Introduction to Genset Rating
An engine rating is primarily limited by structural and thermal limits. These limits include maximum cylinder pressure during combustion, turbocharger speed, exhaust gas temperature and in natural gas engines, fuel type. Where an engine operates relative to these limits will determine the maximum altitude and ambient temperature for a given rating.
When an engine exceeds the maximum altitude or ambient temperature, the engine must be derated. The environment or site conditions also impact an engine or generator rating, thus impacting the rating of the entire genset.
Therefore, a derate of the engine must occur in high altitude and/or high temperature conditions in order for the genset to meet performance expectations.
Generators operating at altitudes above 1000 M (3281 ft.) require temperature rise reduction of 1% for every 100 M (328 ft.) above base (1000 M or 3281 ft.). A derate chart is available in TMI for generators and each specific engine.
Table 1 shows a sample engine TMI derate chart.
Altitude Capability Data (Corrected Power Altitude Capability)
|Ambient Operating Temp.||50 F||68 F||86 F||104 F||122 F||Normal|
|0 F||2,876 hp||2,876 hp||2,876 hp||2,876 hp||2,876 hp||2,876 hp|
|984 F||2,876 hp||2,876 hp||2,876 hp||2,876 hp||2,876 hp||2,876 hp|
|1,640 F||2,876 hp||2,876 hp||2,876 hp||2,876 hp||2,876 hp||2,876 hp|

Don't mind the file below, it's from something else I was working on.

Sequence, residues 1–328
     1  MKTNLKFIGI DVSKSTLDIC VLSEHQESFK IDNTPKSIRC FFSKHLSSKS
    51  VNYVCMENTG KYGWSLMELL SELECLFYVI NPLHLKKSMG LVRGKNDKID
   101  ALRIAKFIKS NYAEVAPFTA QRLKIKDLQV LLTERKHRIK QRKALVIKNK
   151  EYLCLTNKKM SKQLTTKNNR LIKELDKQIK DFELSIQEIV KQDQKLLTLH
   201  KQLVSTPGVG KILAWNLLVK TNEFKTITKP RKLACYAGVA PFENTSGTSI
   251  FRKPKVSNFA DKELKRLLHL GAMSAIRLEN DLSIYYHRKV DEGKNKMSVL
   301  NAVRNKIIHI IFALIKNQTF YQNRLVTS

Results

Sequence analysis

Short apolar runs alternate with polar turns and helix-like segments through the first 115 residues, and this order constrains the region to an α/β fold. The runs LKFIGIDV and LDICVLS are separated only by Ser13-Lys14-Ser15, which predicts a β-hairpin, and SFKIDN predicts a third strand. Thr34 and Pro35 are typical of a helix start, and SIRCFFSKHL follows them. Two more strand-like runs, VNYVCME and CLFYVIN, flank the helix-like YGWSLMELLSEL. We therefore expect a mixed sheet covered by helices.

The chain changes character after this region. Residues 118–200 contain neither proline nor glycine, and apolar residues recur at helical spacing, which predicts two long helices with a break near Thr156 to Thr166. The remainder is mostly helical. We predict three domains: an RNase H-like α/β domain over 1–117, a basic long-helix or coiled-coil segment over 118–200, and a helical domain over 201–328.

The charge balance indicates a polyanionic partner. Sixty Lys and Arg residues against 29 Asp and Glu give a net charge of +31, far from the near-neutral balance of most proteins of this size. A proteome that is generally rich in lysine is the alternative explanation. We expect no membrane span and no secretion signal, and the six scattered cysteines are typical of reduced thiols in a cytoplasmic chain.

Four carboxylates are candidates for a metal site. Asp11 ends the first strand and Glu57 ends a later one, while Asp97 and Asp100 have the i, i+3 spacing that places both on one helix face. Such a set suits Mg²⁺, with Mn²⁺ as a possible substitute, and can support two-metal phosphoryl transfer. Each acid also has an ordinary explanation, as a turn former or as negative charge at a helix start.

|3,281 F||2,876 hp||2,876 hp||2,876 hp||2,876 hp||2,808 hp||2,876 hp|
|4,921 F||2,876 hp||2,876 hp||2,816 hp||2,726 hp||2,642 hp||2,876 hp|
|6,562 F||2,835 hp||2,737 hp||2,647 hp||2,563 hp||2,484 hp||2,763 hp|
|8,202 F||2,663 hp||2,572 hp||2,488 hp||2,407 hp||2,333 hp||2,624 hp|
|9,843 F||2,500 hp||2,415 hp||2,335 hp||2,261 hp||2,190 hp||2,492 hp|
|10,499 F||2,437 hp||2,353 hp||2,277 hp||2,203 hp||2,135 hp||2,441 hp|
*** The powers listed above and all the powers displayed are Corrected Powers.
Where the temperature of the ventilating air to the generator exceeds 40°C (104°F), derating of the generator may be necessary. The altitude/temperature derating chart found in TMI can be used for proper derating information.
Salt and other corrosive elements can cause damage to the winding insulation which can lead to failure of the generator. Protection from these elements includes additional coatings of insulation on the windings during the manufacturing process and epoxy compounds as a final winding overcoat.
Condensation resulting from humidity will present a problem for all generators unless they are fully enclosed.
Temperature rise of the machine and the circulation of cooling air with sufficient load operation will usually prevent condensation. Space heaters should be used to raise the temperature to 5°C above the ambient temperature to prevent condensation in high humidity areas.
Conductive or abrasive dust drawn in through the cooling fan can be very harmful to the generator.
When these foreign particles blow through the generator, they act as sandpaper scraping away the insulation. These abrasions can cause an electrical short within the generator. An accumulation of these materials in the crevices of the insulation system will act as an insulator or as a moisture attractor.
Filters which fit over the unit’s intake air openings or enclosure ventilation openings can prevent damage.
When using filters, it is important that they be regularly changed so as not to impede airflow. The use of a generator air filter will cause the generator to be derated due to higher temperature rise resulting from reduced cooling airflow. Differential pressure switches may be available as an option on many generator sets.
Resource: Electric Power Applications, Engine and Generator Sizing – Caterpillar